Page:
European Economic Crisis

From Roses, Tulips, & Liberty

The European Economic Crisis of 1922–1928 was a sharp deflationary recession across Europe, Asia and parts of the Americas. The extent of the deflation was not only large, but large relative to the accompanying decline in real product.


Most historians blame the crisis on a perfect storm of factors starting with the Rhine Republican Revolution (and it’s accompanying capital flight) that led to a large decrease in demand in the nations of Northern Europe and lack of investor confidence in European stock markets. By 1921 the inflation rate across European markets was failing and consumer spending was declining. On July 2nd 1922, in the aftermath of massive famines across eastern and central Europe, the Amsterdam, London and Moscow stock exchanges all fell almost 25% leading to the ruination of many businesses and a major bank run. Once panic and deflation set in, many people believed they could avoid further losses by keeping clear of the markets. Holding money became necessary for many as prices dropped lower and a given amount of money bought ever more goods, exacerbating the drop in demand. The decrease in the money supply and the onset of deflation was exacerbated by a lack of a unified response to the crisis by policymakers across the continent and the bubbling up of national and civil strife that occurred in the wake of the crisis.

Other causes

In addition to the generally agreed upon account of the crisis, many other heterodox and non mainstream economists have had other interpretations of the events that led to the crisis. Communards tend to blame the sharp stock market fall in 1922 on a crisis of overproduction amongst capital with a particular focus on the heavy reliance of risky speculative investments. Nationalist Republicans on the other hand tend to blame the integrated and non-self-sufficient nature of European economies at the time which created a domino effect of crises across the continent. In contrast to these two answers progressives have long argued that the crisis was extended by the inflexibility of the gold standard in Europe. They say that, even countries that did not face bank failures and a monetary contraction first hand were forced to join deflationary policy since higher interest rates in countries that performed a deflationary policy led to a gold outflow in countries with lower interest rates. Under the gold standard's price–specie flow mechanism, countries that lost gold but nevertheless wanted to maintain the gold standard had to permit their money supply to decrease and the domestic price level to decline (leading to deflation). Additionally, they say, countries that remained on the gold standard, keeping currencies fixed, were more likely to implement protectionist policies to strengthen the balance of payments and limit gold losses which in turn decreased the money supply. While countries that had abandoned the gold standard at the time (mostly American nations that adopted a bi-metalist policy) allowed their currencies to depreciate which caused their balance of payments to strengthen. It also freed up monetary policy so that central banks could lower interest rates and act as lenders of last resort.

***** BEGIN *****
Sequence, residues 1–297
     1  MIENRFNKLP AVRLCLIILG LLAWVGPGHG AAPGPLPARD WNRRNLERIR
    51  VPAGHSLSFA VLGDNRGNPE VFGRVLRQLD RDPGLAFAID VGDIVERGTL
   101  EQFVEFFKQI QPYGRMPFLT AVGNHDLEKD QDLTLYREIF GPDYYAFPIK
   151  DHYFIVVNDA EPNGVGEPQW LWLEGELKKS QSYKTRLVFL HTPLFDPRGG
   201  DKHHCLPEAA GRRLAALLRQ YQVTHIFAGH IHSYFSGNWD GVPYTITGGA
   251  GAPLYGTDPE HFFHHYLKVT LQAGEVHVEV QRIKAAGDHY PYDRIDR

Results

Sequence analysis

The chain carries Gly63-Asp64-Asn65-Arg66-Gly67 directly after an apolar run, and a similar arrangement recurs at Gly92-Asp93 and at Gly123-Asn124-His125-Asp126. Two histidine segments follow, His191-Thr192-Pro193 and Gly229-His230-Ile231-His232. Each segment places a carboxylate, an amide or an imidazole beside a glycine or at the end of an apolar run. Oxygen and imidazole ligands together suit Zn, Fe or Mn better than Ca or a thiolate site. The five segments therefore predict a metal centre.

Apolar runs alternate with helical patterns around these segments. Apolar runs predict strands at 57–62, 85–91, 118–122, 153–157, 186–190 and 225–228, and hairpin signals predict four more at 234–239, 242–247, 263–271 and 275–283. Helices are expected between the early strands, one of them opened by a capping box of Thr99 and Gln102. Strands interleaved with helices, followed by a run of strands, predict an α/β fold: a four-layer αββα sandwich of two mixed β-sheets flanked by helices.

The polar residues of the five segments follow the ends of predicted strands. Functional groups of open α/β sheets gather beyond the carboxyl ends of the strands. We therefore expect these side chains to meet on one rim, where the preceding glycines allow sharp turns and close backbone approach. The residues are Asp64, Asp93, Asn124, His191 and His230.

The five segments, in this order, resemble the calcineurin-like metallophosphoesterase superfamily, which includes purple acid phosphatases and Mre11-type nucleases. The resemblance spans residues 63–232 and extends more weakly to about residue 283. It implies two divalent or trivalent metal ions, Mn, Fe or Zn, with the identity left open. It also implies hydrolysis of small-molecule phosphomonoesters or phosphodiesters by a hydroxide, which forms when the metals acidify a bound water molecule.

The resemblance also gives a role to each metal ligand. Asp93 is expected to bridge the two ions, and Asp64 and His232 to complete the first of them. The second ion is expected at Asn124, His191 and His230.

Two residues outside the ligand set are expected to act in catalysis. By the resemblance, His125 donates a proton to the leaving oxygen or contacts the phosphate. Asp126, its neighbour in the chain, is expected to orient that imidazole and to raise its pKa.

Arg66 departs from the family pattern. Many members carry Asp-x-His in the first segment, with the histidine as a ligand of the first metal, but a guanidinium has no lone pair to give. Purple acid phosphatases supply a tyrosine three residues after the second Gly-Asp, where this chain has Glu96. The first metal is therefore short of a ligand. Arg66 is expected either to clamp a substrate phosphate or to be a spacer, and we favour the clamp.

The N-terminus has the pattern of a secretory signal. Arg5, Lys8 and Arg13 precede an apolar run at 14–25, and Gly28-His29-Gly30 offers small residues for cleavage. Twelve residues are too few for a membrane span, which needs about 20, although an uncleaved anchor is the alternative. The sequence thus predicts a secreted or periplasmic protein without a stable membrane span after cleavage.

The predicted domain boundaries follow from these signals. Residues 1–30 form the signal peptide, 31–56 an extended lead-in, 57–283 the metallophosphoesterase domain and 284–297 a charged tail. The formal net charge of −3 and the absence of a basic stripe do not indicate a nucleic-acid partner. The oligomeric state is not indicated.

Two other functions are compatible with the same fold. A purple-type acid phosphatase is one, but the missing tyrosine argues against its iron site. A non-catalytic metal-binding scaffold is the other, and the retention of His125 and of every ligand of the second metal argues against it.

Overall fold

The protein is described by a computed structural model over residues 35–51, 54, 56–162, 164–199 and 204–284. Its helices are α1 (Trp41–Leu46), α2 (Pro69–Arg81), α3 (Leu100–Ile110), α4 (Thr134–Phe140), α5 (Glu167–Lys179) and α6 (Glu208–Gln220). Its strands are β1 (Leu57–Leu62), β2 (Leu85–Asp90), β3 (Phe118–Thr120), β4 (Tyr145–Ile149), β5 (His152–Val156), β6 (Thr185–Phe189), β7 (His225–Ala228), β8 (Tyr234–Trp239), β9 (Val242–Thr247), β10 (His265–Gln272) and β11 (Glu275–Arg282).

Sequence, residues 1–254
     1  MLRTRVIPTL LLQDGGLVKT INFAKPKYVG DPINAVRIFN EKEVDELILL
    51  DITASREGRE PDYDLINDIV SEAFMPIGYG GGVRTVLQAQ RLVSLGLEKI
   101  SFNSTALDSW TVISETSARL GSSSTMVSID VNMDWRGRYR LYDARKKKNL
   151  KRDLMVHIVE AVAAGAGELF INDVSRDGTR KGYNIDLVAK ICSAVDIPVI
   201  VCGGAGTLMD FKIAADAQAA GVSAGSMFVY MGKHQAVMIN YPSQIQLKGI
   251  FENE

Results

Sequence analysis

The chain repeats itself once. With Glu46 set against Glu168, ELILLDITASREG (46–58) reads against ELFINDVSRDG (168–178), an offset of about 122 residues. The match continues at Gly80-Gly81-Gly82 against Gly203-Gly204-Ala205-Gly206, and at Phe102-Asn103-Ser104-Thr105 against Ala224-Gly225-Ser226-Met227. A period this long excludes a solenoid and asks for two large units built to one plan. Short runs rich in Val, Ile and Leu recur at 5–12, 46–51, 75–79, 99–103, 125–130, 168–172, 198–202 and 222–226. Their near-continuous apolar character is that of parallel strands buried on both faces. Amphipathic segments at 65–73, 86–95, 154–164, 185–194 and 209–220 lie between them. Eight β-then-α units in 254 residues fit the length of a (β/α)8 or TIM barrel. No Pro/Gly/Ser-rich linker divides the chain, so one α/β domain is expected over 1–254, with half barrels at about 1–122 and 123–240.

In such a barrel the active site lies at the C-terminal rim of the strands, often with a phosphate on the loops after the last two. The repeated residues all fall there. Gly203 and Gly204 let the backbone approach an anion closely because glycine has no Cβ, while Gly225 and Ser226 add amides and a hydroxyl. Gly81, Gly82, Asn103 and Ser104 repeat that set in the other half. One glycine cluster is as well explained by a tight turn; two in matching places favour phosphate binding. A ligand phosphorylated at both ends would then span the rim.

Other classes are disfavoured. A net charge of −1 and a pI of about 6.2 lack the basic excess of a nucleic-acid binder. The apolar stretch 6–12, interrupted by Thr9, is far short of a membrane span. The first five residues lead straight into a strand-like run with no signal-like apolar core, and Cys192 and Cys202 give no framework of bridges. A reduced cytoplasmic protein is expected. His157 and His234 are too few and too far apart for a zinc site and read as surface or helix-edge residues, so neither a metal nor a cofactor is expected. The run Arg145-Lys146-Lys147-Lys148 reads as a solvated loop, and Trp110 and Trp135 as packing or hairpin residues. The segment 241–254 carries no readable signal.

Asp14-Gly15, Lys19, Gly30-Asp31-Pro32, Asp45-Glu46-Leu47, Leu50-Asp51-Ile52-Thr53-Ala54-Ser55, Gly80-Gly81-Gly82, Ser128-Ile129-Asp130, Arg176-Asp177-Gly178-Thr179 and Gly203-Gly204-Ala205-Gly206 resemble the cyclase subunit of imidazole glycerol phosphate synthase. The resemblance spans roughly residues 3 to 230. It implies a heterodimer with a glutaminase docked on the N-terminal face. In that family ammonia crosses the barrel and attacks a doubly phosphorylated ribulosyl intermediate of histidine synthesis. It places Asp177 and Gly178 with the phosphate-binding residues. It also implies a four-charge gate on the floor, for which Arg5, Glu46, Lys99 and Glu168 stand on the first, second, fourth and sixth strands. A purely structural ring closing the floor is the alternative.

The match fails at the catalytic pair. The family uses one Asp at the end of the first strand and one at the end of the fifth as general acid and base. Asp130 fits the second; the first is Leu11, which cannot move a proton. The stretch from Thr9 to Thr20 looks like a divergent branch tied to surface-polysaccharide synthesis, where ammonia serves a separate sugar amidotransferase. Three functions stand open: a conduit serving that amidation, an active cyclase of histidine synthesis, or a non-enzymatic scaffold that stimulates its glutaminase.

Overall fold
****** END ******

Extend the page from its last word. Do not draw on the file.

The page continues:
Effects of the Economic Crisis

The effects of the EEC were widespread and numerous, with many countries across Europe seeing a GDP fall of over 20% and unemployment rates across the continent rising up to 30% in some places.

Nations EEC Impact GDP Fall
Rhine Republic Extremely High 31
Poland Extremely High 32.5
Moldavia Extremely High 29
Saxony Extremely High 28.5
Sicily Extremely High 29.5
Austria High 20
Spain High 17
Sweden High 17.5
Wallachia High 21
Tuscany High 21
Denmark High 20.5
Russia Highest Impact 35.5
Ireland Low 3.5
Portugal Low 4.5
Piedmont Moderate 8.5
Sardinia Moderate 7
United Kingdom Moderate 9
Norway Moderate 5.5
Switzerland Moderate 6.5
Illyria Moderate 9.5
Venice Moderate 8
Lombardy Moderate 9
Pomerania Sigificant 13
France Sigificant 12.5
Ottomans Sigificant 14.5
Savony Sigificant 15.5
Genoa Sigificant 12.5
Netherlands Very High 24
Latial Rep. Very High 24.5
Naples Very High 23
Hannover Very High 25.5

Figure 1. Percent drop in GDP across several European Nations in years between 1922 and 1928.

Social & Political Effects

The crisis served to worsen political relationships in the Italian peninsula, with politicians in the less economically self sufficient southern Italian states (mostly allies of France at the time) blaming British and Venetian bankers shortsightedness and greed for the worse of the EEC's effects. Additionally the EEC is commonly believed to be one of the most important causes of the the 1925 Russian Revolution and the growth of National Republican ideology across Eastern Europe.